WASHINGTON — After two decades of counterinsurgency warfare, the Army is beefing up its investments in artillery, once a core part of America’s ground force. The move is part of the Pentagon’s strategic focus on near-peer adversaries Russia and China.
The Association of the U.S. Army’s annual meeting this week takes place as America’s land force is engaged in a multipronged effort that includes an upgrade to the armored and fully tracked M109A6 Paladin 155mm howitzer and the development of a “strategic long-range cannon” that shoots 1,000 nautical miles (or 1,852 kilometers), Army officials say.
The powerful Senate Armed Senate Armed Services Committee chairman — Sen. Jim Inhofe, R-Okla., whose state is home to the Army’s artillery school at Fort Sill — is watching.
“I’m concerned that we’re currently behind China and Russia, both in terms of range and rate of fire. During the eight years of [President Barack] Obama, we fell behind. We delayed maintenance and deferred modernization — all while China and Russia were improving their conventional forces and artillery,” Inhofe told Defense News on Oct. 3. “We don’t have the best of everything right now, and I want to make sure we can get the best equipment for our war fighters so they don’t face a situation where they are out-ranged or outgunned.”
Still, the Army “is taking the right steps,” Inhofe said, praising Army Secretary Mark Esper’s testimony last month that artillery is a No. 1 priority; a cross-functional team is being dedicated to long-range precision fires — which provides a focus on the Paladin Integrated Management, or PIM, program.
“We’re helping, too — Congress delivered adequate, on-time funding for fiscal year 2019, the first time in 10 years, so the Pentagon has the ability to invest in modernization,” Inhofe said. “I’m encouraged by the steps I’ve seen so far, but look forward to frequent, regular updates from the Army on this and all aspects of modernization.”
Some of the Army’s artillery modernization efforts have, well, misfires: The $11 billion Crusader self-propelled artillery system was canceled in 2002 largely due to its excessive weight and cost; and the Non-Line-of-Sight Cannon was part of the canceled Future Combat System program.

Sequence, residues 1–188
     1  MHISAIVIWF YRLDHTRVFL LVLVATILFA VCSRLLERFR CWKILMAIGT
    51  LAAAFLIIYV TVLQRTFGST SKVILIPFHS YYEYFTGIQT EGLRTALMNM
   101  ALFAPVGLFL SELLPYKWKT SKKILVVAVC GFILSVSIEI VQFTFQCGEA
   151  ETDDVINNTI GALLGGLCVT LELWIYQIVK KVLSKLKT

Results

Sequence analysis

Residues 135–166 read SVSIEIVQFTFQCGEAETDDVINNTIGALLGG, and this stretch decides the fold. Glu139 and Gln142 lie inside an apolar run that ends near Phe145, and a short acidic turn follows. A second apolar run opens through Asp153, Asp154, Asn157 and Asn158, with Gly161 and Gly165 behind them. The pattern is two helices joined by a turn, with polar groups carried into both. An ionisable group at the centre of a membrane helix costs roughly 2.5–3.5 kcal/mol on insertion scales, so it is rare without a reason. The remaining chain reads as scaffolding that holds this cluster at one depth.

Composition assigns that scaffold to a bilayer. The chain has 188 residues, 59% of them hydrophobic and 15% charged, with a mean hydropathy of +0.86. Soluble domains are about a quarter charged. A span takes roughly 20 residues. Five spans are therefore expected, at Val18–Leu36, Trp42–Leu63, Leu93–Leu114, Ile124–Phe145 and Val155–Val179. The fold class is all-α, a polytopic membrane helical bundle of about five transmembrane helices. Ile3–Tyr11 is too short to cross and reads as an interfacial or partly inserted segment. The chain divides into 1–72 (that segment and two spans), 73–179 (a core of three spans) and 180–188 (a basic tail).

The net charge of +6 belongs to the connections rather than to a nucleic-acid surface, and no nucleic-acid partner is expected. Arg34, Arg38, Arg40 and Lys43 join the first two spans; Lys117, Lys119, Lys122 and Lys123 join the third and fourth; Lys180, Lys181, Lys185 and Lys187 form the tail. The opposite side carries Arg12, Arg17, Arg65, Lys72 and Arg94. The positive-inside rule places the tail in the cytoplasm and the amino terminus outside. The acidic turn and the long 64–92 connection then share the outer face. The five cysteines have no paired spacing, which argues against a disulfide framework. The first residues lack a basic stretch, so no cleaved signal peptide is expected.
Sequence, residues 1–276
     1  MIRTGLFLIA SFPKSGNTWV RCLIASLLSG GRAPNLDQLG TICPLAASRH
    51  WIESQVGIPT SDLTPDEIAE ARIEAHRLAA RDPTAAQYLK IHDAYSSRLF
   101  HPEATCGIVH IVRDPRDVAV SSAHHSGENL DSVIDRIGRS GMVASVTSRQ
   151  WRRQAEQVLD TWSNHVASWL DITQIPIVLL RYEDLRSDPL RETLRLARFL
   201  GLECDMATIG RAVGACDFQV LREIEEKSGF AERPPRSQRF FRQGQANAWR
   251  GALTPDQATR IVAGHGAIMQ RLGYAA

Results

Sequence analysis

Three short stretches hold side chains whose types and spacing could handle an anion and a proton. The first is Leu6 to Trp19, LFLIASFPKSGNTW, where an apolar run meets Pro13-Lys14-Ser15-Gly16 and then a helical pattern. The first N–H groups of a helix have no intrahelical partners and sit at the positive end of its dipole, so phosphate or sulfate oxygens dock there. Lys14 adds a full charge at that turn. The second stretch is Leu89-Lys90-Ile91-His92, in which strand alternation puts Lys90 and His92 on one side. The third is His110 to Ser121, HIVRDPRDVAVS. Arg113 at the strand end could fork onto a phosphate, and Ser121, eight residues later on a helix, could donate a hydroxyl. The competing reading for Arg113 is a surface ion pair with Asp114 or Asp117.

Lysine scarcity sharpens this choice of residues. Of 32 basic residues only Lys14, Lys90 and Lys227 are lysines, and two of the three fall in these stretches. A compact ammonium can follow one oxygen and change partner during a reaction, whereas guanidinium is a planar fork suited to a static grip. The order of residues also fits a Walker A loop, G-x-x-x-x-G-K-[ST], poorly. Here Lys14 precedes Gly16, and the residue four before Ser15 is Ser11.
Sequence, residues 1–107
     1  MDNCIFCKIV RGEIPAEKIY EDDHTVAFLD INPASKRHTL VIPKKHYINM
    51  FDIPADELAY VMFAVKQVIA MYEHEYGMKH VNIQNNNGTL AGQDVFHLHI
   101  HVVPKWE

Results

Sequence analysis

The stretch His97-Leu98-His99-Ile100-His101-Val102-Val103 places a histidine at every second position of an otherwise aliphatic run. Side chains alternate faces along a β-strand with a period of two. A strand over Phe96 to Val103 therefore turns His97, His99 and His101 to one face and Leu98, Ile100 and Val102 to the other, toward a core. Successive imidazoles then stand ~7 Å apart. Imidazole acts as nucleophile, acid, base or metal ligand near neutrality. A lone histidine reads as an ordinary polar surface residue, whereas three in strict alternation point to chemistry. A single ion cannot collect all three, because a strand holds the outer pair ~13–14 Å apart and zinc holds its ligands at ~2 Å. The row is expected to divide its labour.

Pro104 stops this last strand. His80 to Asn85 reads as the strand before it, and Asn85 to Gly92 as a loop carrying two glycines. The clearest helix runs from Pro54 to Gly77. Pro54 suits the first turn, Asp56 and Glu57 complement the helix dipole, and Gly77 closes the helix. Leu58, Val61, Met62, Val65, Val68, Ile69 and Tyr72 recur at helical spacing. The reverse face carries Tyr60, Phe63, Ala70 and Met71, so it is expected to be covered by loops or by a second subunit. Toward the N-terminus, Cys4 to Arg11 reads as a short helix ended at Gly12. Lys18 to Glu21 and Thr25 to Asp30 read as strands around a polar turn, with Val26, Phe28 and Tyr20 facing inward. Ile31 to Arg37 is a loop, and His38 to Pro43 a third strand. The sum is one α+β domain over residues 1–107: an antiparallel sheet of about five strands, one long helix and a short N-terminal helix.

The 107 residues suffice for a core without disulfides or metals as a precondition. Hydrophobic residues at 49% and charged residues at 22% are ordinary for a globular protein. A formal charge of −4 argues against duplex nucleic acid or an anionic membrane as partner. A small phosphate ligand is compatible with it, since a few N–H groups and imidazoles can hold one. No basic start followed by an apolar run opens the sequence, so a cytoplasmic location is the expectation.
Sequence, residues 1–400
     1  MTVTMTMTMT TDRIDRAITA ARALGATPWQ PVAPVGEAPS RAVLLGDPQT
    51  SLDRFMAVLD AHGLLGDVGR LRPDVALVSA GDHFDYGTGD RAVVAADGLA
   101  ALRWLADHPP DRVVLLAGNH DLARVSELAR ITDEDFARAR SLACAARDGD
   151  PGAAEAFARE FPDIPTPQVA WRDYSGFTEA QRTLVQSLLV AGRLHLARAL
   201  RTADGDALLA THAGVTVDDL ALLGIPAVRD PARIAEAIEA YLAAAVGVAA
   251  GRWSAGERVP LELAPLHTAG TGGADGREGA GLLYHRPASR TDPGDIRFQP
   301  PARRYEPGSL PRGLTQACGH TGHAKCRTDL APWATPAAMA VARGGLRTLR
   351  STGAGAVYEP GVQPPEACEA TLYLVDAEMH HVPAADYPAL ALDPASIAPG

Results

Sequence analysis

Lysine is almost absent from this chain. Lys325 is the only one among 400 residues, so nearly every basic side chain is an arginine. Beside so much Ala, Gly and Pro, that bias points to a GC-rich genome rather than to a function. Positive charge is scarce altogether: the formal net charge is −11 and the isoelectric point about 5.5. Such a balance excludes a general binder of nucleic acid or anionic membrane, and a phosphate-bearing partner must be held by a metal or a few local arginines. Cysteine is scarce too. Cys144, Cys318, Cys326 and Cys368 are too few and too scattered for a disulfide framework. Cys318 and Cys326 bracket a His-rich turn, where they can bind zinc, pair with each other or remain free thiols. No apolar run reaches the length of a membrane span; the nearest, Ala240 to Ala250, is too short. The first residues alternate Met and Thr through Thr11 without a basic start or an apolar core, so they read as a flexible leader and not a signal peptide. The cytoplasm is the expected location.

A 2015 study by the think tank Rand praised the Paladin’s digitized fire control system, but said it lags the market. German weaponry has a higher level of automation (for faster firing), other weapons in Paladin’s class out-range it, and closing the range gap requires the more expensive precision-guided round Excalibur.
The Army’s Multiple Launch Rocket System and the similar High Mobility Artillery Rocket System — which is mostly used for counter-fires against enemy artillery — lack the range of some of the heavy, foreign, large-caliber artillery rocket systems, particularly some that have been developed by China, the study found.
“Therefore, the rocket systems are falling behind the increasing range of similar Russian and Chinese rocket systems,” the study said. “The trend of foreign, heavy MLRS being able to fire well over 100 km has implications for the U.S. Army’s fires system, including counter fire and target acquisition. Although the Guided MLRS (GMLRS) rocket has exceptional accuracy compared with any fielded foreign system, the suite of munitions available to MLRS and HIMARS is very limited compared with foreign rocket launchers.”
Hoping to turn the page, the Army has prioritized artillery as part of its modernization reset under the new Army Futures Command. It’s commander, Gen. John Murray, recently told Congress that Army leaders are “looking very hard” at hypersonics and a strategic, long-range cannon, which could have a range of 1,000 nautical miles — among other efforts.
Its nascent 499-kilometer Precision Strike Missile, or PrSM, is meant to replace the Tactical Missile System while providing increased standoff range. Congress, however, slowed the program in 2019 appropriations — and the concept butts up against limits in the Intermediate-Range Nuclear Forces Treaty.